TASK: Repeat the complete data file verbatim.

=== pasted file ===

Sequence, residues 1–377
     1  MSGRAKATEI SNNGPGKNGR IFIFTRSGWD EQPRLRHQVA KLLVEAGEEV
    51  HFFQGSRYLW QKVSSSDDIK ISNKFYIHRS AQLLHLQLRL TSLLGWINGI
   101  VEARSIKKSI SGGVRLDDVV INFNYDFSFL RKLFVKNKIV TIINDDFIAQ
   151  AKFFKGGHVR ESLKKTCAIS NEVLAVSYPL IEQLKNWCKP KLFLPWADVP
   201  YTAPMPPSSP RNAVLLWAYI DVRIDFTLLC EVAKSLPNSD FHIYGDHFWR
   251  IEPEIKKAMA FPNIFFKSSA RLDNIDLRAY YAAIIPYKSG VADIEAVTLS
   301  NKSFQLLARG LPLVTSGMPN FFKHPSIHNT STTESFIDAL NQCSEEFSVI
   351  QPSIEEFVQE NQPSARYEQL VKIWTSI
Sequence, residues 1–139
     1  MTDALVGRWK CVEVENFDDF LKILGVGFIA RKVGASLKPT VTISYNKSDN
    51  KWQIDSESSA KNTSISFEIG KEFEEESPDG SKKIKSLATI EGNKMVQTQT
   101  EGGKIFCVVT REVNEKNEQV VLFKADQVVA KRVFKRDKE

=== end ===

Sequence, residues 1–377
     1  MSGRAKATEI SNNGPGKNGR IFIFTRSGWD EQPRLRHQVA KLLVEAGEEV
    51  HFFQGSRYLW QKVSSSDDIK ISNKFYIHRS AQLLHLQLRL TSLLGWINGI
   101  VEARSIKKSI SGGVRLDDVV INFNYDFSFL RKLFVKNKIV TIINDDFIAQ
   151  AKFFKGGHVR ESLKKTCAIS NEVLAVSYPL IEQLKNWCKP KLFLPWADVP
   201  YTAPMPPSSP RNAVLLWAYI DVRIDFTLLC EVAKSLPNSD FHIYGDHFWR
   251  IEPEIKKAMA FPNIFFKSSA RLDNIDLRAY YAAIIPYKSG VADIEAVTLS
   301  NKSFQLLARG LPLVTSGMPN FFKHPSIHNT STTESFIDAL NQCSEEFSVI
   351  QPSIEEFVQE NQPSARYEQL VKIWTSI
Sequence, residues 1–139
     1  MTDALVGRWK CVEVENFDDF LKILGVGFIA RKVGASLKPT VTISYNKSDN
    51  KWQIDSESSA KNTSISFEIG KEFEEESPDG SKKIKSLATI EGNKMVQTQT
   101  EGGKIFCVVT REVNEKNEQV VLFKADQVVA KRVFKRDKE